Want to speak better English? Pronunciation tip #3: How the DE-emphasis of a word can signal the meaning of a sentence.
In my previous tip #2, I introduced the schwa symbol /ə/ and explained how its soft sound (like the ‘e’ sound in ‘the’) replaces many standard English vowel sounds in speech. This change affects syllable stress and pronunciation in words, but can also sometimes strongly influence the meaning of a spoken statement. English speech favours a pattern of ‘content’ words (information words such as nouns, pronouns, verbs, adjectives, adverbs, etc.) and ‘function’ words (words such as auxiliary verbs and basic prepositions that perform grammatical roles in linking the content together). It is very common for the vowel in single-syllable function words to take a schwa sound, for example:
‘I will do it’ = /I wəll do it/
‘I can do it’ = /I kən do it/
‘Go to bed’ = /Go tə bed/
Why is this important? Well, first, the “de-stress” (de-emphasis) on function words in English speech complements the stress on the content, so that it is clear when the speaker is presenting new or important information. Second, the speaker has a greater range of expression and does not always need to use over-emphasis. However, this pattern can present problems for learners of spoken English. One common example is the difference between ‘I can do it’ /I kən do it/ and ‘I can’t do it’ /I KAnt do it/. English learners often pronounce ‘I can do it’ with a clear /a/ sound, thus /I KAn do it/. The problem is that most native English speakers are so used to hearing the de-emphasized schwa sound that they will frequently misinterpret the learner’s pronunciation as ‘can’t’ /KAnt/ instead of ‘can’ /kən/, even though the learner has not actually spoken the /t/ ending!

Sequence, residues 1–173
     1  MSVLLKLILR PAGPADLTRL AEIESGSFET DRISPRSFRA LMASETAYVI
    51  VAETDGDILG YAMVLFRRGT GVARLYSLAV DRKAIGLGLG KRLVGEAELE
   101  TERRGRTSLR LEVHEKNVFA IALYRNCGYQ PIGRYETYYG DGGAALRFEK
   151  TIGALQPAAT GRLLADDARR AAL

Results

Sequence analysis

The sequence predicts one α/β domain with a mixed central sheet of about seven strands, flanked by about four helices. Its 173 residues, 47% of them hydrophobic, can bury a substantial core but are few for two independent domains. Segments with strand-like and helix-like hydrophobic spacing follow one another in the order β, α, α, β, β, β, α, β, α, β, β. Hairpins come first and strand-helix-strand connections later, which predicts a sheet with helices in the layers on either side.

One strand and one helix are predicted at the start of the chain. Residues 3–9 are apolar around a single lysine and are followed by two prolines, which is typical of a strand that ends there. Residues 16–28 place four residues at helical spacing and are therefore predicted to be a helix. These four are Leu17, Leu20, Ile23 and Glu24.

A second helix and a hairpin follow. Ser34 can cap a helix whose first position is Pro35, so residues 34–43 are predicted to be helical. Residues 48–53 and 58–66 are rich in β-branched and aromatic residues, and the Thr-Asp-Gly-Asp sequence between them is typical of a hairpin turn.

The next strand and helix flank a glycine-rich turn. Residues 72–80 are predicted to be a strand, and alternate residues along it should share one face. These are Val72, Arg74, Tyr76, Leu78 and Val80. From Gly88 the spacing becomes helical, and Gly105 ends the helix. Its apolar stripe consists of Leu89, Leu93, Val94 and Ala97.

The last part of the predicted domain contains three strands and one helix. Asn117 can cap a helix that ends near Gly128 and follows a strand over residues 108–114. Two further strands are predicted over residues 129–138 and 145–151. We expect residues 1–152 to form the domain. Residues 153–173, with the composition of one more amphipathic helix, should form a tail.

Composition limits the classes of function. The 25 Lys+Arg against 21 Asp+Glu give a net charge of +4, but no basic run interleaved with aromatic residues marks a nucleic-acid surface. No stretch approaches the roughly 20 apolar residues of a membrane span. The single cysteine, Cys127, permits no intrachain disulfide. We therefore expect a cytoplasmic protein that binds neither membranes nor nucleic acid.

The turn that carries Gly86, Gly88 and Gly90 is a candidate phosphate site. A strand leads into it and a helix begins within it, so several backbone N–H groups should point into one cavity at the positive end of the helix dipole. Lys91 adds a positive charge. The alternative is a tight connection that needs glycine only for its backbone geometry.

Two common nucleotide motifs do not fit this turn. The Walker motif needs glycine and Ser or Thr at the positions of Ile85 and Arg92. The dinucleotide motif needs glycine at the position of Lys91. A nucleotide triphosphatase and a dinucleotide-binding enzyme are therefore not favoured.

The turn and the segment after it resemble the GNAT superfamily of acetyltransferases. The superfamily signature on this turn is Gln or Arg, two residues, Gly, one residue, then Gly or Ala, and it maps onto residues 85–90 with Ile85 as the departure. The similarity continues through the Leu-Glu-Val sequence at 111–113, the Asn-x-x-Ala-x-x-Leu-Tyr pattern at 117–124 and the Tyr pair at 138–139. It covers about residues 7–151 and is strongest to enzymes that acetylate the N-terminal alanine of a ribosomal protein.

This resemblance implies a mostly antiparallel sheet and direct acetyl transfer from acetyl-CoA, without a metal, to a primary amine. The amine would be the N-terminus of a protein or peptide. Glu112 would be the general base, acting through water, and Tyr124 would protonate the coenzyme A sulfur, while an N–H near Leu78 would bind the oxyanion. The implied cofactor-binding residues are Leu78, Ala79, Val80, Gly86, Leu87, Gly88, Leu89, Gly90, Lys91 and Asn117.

Here are a few more examples of words that often use the schwa sound:
do /də/ (question form)
Recognizing and using rhythm, stress, and de-emphasis are helpful ways of tuning your ear, and then your speech, to English. If you are practicing listening to native speakers (in-person or on recordings) try to identify features like the schwa sound in the words and phrases you are hearing. Notice how the faster someone talks, the more likely you are to hear the schwa sound being used a lot. Get comfortable imitating these sounds and trying them on your tongue, maybe even in conversation with your friends!